This summer I have been fortunate enough to be able to work with Save Vietnam’s Wildlife in northern Vietnam. This wildlife rescue center brings in some of Southeast Asia’s most endangered animals and nurtures them back to health until they can be released back into the wild. While the center has many different species including binturongs, owston’s civets, and leopard cats, the animal they specialize in is the pangolin. The best description I have heard of a pangolin is that it is a cross between an armadillo and an anteater. They are about the size of a small dog and are covered in scales made of keratin which help to protect their soft underbellies from predators when they roll up into a ball. Unfortunately, while these scales may protect them from predators, they are very valuable in China where they are used in traditional medicine to supposedly heal a variety of ailments. This demand for their scales in China has made the pangolin the most trafficked mammal in the world and as a result, all eight species of pangolin are on the decline in the wild.
Pangolin trafficking is illegal in Vietnam so whenever a poacher is busted, the person is arrested and the pangolins are taken to Save Vietnam’s Wildlife where they are rehabilitated and put back into the wild. These busts can be anywhere from a single pangolin to a few hundred and the center is always ready for the next call which may bring them to remote corners of Vietnam. On one of these recoveries a female pangolin was found clutching a small baby weighing just over 100 grams. Unfortunately the mother died shortly after the rescue and the center was left to take care of the baby. The center decided that it would be best to hand raise the pangolin and the vet whose job it was to raise her decided to name her Kim.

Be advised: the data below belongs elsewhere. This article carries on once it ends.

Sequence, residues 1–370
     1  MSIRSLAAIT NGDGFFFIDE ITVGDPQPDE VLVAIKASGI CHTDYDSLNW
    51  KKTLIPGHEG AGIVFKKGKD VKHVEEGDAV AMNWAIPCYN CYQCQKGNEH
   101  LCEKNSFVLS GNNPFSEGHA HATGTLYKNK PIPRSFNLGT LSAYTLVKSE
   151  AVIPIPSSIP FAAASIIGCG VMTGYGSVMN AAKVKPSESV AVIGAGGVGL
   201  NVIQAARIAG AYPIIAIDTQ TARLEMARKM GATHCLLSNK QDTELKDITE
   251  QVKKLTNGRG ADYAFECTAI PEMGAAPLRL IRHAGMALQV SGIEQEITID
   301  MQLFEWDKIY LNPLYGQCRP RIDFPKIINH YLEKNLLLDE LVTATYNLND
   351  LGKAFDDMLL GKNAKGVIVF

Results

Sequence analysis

That rescue was over six months ago and Kim is now just over a kilogram. She is very much the favorite of the center’s staff and her hand rearing means that she loves to crawl around on anyone who picks her up. For a while there was a debate about whether or not to release her into the wild. While some of the staff argued that she would be best off being released with the other pangolins, it was decided that her hand rearing meant that she would not have the skills to survive in the wild. With that in mind it was decided that Kim should be her own permanent enclosure at the center. The growth of the center in the past year necessitated the building of an additional building to house more pangolins and it was decided that one of the new enclosures in that building should be Kim’s.
I was lucky enough to be there on the day that we put Kim in her new enclosure. Hai, the vet that had raised her since her arrival, wanted to make sure that she was comfortable and so padded her bed box with ten new towels and moved some of the branches from her old enclosure to the new one so that she smelled something familiar.
A few days have passed since then and Kim seems to be taking to her new home. She is climbing all over her new branches and Hai still goes to feed her and say hello each day.